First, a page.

by René Denfeld and Victoria Chiesa
There’s an elephant in the room at the BGL BNP Paribas Open in Luxembourg and it’s called Singapore. In early October, the WTA announced that the International event would not be counting in the Race to the WTA Finals, putting a damper on the tournament’s 25th anniversary. TTI caught up with some of the parties affected by the tournament’s ineligibility in the race for the big showdown of the 2015 season.
When walking around the CK Sportscentre — the venue of the long-standing WTA event in Luxembourg — one would assume that the tournament was a feature of the Road to Singapore.
Numerous print-outs of the current WTA Race to the year-end championships in singles and doubles are visible across the site, but Luxembourg itself bares no relevance to the Top 8 showdown in Singapore. The incredibly tight standings in this year’s race took center stage as WTA’s autumn wound towards a dramatic finale — but much of the air was taken out of the proverbial bubble when word spread the long-time stop wouldn’t count due to its championship match being held on a Sunday.
While Lucie Hradecka is on her way to Singapore for the WTA Finals in doubles, the Czech had to withdraw from Luxembourg’s singles event — even though she and partner Andrea Hlavackova were only scheduled to be alternates in Singapore at the time. The Czechs are now in the field as a result of Ekaterina Makarova’s injury withdrawal, but the feelings of Hradecka’s coach Jiří Fencl have not changed regarding the situation.
“Singles entries deadlines are six weeks in advance, so the Moscow and Luxembourg deadline came during the US Open,” Fencl said via email en route to Singapore. “They obviously planned for Wuhan and Beijing — the biggest tournaments — and after that they thought, ‘Let’s play what we need.’ The mistake made was that we were not familiar with the WTA rule that does not allow a player to withdraw from singles and play doubles somewhere else — and, we also were not aware of the fact that Luxembourg does not count to in the Road to Singapore.”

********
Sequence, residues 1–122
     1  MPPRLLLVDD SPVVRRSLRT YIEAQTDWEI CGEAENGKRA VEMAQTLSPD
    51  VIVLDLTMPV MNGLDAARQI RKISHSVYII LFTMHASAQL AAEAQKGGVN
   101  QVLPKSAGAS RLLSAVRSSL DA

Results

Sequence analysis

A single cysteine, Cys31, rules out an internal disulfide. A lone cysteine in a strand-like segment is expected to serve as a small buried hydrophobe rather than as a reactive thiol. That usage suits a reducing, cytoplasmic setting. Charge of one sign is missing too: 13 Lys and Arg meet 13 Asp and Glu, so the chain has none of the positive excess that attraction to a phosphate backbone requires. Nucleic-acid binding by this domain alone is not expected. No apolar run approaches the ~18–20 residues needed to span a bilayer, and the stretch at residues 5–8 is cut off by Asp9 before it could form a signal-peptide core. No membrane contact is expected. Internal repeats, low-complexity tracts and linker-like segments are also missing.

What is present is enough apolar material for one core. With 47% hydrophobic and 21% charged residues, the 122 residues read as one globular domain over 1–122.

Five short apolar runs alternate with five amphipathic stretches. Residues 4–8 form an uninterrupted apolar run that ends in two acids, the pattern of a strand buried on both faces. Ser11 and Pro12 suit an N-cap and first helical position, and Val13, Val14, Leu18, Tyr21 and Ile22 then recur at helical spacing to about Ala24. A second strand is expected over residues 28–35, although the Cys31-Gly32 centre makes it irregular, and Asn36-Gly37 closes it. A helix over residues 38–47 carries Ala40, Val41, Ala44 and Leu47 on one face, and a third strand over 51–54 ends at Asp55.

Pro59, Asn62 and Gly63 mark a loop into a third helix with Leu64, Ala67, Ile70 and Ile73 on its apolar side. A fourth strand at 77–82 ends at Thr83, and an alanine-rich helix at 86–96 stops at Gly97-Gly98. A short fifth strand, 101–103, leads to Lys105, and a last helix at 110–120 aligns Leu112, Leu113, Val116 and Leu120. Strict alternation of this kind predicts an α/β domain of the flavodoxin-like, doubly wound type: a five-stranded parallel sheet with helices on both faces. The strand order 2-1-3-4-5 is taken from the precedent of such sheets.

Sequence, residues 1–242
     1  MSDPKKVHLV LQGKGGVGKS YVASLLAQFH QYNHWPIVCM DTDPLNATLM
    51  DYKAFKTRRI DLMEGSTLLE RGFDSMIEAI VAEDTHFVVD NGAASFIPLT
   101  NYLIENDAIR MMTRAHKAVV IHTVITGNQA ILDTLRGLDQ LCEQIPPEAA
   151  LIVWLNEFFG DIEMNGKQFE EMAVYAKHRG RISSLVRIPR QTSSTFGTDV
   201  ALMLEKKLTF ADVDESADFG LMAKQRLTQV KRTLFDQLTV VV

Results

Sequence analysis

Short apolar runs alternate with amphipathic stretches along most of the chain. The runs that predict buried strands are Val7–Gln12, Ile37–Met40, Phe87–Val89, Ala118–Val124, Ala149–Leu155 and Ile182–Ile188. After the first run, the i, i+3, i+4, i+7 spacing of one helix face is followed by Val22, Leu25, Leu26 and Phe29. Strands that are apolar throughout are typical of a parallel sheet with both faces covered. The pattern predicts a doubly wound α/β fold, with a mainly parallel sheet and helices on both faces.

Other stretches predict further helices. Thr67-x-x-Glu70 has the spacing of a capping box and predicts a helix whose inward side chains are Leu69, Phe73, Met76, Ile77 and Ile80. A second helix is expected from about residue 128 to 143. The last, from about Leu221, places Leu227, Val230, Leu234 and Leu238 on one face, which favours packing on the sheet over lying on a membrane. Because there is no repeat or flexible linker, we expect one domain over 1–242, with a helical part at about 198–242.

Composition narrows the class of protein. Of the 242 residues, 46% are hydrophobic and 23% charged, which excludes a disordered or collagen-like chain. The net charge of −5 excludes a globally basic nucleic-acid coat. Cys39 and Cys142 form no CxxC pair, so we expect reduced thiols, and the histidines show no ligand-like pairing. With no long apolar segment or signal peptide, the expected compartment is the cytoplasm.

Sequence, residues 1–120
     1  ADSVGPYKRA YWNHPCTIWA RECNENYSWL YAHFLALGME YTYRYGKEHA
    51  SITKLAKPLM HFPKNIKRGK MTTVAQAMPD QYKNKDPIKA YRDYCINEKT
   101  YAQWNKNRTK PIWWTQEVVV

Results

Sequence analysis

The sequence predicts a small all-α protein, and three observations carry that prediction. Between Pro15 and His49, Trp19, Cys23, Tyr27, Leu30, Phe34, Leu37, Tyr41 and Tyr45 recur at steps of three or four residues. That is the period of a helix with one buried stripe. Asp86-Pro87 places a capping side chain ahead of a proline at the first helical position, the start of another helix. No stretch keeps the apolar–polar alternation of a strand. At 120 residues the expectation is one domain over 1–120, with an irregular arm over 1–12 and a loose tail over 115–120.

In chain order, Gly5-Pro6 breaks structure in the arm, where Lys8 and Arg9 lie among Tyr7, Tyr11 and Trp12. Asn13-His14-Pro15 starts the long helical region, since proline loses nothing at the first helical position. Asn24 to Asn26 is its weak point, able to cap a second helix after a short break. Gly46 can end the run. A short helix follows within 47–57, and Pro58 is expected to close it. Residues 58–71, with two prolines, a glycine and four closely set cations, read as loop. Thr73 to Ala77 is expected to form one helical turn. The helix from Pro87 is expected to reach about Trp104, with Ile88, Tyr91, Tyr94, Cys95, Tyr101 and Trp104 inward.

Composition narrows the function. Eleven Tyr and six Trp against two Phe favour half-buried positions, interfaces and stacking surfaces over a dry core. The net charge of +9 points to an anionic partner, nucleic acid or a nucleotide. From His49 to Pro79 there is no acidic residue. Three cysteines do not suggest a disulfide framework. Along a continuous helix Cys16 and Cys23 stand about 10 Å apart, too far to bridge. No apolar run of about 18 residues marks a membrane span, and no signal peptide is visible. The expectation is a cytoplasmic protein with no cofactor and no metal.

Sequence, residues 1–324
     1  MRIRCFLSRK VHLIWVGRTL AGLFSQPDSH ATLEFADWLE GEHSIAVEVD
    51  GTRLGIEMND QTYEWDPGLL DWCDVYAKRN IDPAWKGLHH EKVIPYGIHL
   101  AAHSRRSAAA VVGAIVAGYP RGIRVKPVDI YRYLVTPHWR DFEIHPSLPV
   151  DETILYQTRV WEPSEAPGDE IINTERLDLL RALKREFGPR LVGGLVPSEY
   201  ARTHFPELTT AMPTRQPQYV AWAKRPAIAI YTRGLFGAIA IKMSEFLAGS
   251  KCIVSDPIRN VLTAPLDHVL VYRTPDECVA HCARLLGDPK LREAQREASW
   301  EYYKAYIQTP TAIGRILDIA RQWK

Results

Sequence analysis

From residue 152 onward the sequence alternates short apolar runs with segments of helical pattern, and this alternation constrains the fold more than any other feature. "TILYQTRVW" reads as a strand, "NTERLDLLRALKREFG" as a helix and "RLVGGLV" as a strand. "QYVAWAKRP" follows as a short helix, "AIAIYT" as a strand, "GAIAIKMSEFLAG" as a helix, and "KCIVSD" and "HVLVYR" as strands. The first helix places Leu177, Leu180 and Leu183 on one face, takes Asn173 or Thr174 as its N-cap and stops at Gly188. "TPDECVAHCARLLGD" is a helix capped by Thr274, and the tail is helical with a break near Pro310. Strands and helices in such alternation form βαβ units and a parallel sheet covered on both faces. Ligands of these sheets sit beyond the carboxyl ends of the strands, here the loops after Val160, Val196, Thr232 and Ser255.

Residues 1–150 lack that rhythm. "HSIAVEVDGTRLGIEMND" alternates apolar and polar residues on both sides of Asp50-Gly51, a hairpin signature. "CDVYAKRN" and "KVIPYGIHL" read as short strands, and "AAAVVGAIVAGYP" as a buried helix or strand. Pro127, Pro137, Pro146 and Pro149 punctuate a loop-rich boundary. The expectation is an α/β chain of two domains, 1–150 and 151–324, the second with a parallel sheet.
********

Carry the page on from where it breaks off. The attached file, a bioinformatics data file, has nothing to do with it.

Fencl said that they only learned of the issue with Luxembourg in Beijing, when discussing different scenarios with WTA supervisors. After reaching the final in Linz, Hradecka and Hlavackova found themselves just 250 points behind Americans Raquel Kops-Jones and Abigail Spears — their conquerers for the Linz title — for the No. 8 slot. While no one could’ve foreseen how the latter portion of the season would’ve played out, doubles winners in International events (such as Luxembourg) earn 280 points in the Road to Singapore standings while winning a Premier event (such as Moscow) earns 470 points. With Hradecka already entered in the singles draw in Luxembourg, the Czech’s hands were essentially tied — and several other WTA rules forced her hand.
“Basically, the rule says, once you are in main draw of a WTA tournament, if you withdraw to play another tournament in same week in singles or doubles, your ranking points would not count,” Fencl said. “And, of course, you pay a late withdrawal fine. But after talks with the WTA, we were informed that girls would not even be able to sign in for Moscow.”
“Based on WTA rules, the alternate team has to be ready in Singapore by the start of the first match,” he said. “That is Sunday, [meaning] you should arrive to Singapore on Saturday at the latest, leaving Europe on Friday. So Lucie would technically have to tank the match in Luxembourg, get home and the next day, leave to Singapore. So, she had to ‘change the schedule.'”
While he described the Czechs’ entry into Singapore due to Makarova’s withdrawal as a “very, very lucky break,” Fencl feels that several things can change to prevent this situation from happening in subsequent years to allow all players a fair shot at qualifying for the year-end championships on merit.
“The rule I was talking about earlier should exclude doubles, because it disadvantages players playing both singles and doubles over players who play doubles only,” Fencl said. “[Doubles-only players] don’t have to commit until Sunday before the tournament. The only time a singles player would withdraw from a main draw to play doubles somewhere else is really once a year in a special case like this — trying to qualify for Singapore.”